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Genetic mapping of key domestic species

Dr Erold Naomab, Coordinating Director of the UNAM Southern Campus, facilitated a discussion on the need to improve genetic research on domestic breeds.

Dr Erold Naomab, Coordinating Director of the UNAM Southern Campus, facilitated a discussion on the need to improve genetic research on domestic breeds.

Agra Professional Services hosted an interactive discussion this Friday to investigate the need for genetic mapping of the main domestic animal breeds as well as selected species of game with a considerable commercial value.
In a statement released shortly before the panel discussion took place, Agra Professional Services said “many Namibians sustain themselves and their families through the rearing of animals which have commercial value, or through general agricultural activities. Ensuring that the Namibians active in the agricultural sector benefit as much as possible from their hard work; genetic research on cattle, sheep and goats is being carried out.
“Namibia is the ideal location for rearing and marketing superior genetic livestock material regionally and internationally. The same is true for products originating from Namibian livestock and wild animals. To protect this prime genetic resource a number of options exist for both domesticated and wild animals.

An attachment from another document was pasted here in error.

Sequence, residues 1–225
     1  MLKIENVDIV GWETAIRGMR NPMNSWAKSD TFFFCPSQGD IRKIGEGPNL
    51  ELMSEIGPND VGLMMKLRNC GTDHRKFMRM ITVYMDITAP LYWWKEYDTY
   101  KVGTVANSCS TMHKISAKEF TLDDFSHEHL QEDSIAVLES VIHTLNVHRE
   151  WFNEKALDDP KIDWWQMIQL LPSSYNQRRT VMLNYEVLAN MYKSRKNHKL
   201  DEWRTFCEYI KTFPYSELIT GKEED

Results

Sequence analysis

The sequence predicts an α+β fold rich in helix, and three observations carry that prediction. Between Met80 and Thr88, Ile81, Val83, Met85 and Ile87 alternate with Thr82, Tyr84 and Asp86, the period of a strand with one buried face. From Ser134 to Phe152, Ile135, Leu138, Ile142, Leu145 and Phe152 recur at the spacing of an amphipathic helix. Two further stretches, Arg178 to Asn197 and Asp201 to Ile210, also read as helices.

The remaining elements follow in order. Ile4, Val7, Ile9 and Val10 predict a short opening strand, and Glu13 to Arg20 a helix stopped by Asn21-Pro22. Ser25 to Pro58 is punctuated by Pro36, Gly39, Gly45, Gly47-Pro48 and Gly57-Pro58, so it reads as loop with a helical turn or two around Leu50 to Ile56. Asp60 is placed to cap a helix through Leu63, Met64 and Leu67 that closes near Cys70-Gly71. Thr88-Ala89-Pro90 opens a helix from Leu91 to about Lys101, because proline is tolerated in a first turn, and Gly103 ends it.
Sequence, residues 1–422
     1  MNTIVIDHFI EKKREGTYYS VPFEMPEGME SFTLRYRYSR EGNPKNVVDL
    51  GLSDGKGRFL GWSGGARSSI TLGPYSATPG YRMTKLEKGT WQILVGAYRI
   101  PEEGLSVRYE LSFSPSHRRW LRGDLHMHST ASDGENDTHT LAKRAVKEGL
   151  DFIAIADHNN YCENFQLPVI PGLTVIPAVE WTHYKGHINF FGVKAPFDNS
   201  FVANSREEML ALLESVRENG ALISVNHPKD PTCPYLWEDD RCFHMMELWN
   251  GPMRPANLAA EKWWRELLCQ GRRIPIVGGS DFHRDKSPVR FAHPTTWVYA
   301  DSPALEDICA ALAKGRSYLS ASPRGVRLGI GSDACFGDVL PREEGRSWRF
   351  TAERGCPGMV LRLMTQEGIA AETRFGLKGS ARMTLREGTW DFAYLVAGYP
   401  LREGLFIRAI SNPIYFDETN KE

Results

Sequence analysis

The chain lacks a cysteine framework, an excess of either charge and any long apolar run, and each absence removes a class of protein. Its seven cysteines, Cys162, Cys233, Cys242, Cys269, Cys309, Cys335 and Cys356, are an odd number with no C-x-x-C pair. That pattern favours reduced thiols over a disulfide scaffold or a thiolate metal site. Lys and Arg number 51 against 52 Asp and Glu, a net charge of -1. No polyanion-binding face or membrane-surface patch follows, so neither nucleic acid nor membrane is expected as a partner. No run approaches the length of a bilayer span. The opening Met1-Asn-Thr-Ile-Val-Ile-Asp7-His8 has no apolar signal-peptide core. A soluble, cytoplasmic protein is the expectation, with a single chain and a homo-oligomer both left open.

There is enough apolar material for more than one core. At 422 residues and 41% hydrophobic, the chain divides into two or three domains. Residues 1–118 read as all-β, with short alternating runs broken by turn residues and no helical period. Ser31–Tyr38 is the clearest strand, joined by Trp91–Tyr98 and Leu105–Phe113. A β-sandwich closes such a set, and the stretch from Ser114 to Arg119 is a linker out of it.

These options span from registering trade marks on products of such animals to declaring geographic indicators on both the animals and their products. However, before internationally recognised protection mechanisms can be registered, a number of research applications need to be completed. One of them is DNA sequencing or genetic mapping.
Genetic mapping of Namibian animal species has been made possible through Affymetrix GeneChip technology locally. The chip stores more than 5 GB, or 3 million pieces of biochemical test information about a species.
Agra’s Professional Services Division, as part of their research efforts, has looked into the opportunities that GeneChip technology offers with regard to genetically mapping Namibian indigenous animal species like Swakara sheep or Nguni cattle.
The Department of Chemistry and Biochemistry at the University of Namibia is running a number of projects aimed at adding value to Namibia’s natural resource base. One such project, under the leadership of Dr Erold Naomab, Coordinating Director of UNAM Southern Campus, focuses on biotechnology interventions. The aim is to understand the genetic sequences of the animals that have adapted to the Namibian environment; as well as exploring and tapping into the commercial value of such animals.
At the panel discussion, Dr Naomab explained the value of genetic mapping.

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